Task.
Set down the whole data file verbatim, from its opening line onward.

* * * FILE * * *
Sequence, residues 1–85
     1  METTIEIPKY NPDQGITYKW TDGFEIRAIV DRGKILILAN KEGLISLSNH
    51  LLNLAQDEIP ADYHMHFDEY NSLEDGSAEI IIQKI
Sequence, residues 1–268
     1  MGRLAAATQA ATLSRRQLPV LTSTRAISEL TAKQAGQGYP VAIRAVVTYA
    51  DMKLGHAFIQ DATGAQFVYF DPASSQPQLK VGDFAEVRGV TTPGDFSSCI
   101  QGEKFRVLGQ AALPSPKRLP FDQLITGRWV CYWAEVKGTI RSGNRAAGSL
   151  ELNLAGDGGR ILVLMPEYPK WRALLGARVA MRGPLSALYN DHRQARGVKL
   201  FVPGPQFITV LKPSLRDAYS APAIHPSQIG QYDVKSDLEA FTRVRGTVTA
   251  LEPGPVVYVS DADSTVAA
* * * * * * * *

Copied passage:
Sequence, residues 1–85
     1  METTIEIPKY NPDQGITYKW TDGFEIRAIV DRGKILILAN KEGLISLSNH
    51  LLNLAQDEIP ADYHMHFDEY NSLEDGSAEI IIQKI
Sequence, residues 1–268
     1  MGRLAAATQA ATLSRRQLPV LTSTRAISEL TAKQAGQGYP VAIRAVVTYA
    51  DMKLGHAFIQ DATGAQFVYF DPASSQPQLK VGDFAEVRGV TTPGDFSSCI
   101  QGEKFRVLGQ AALPSPKRLP FDQLITGRWV CYWAEVKGTI RSGNRAAGSL
   151  ELNLAGDGGR ILVLMPEYPK WRALLGARVA MRGPLSALYN DHRQARGVKL
   201  FVPGPQFITV LKPSLRDAYS APAIHPSQIG QYDVKSDLEA FTRVRGTVTA
   251  LEPGPVVYVS DADSTVAA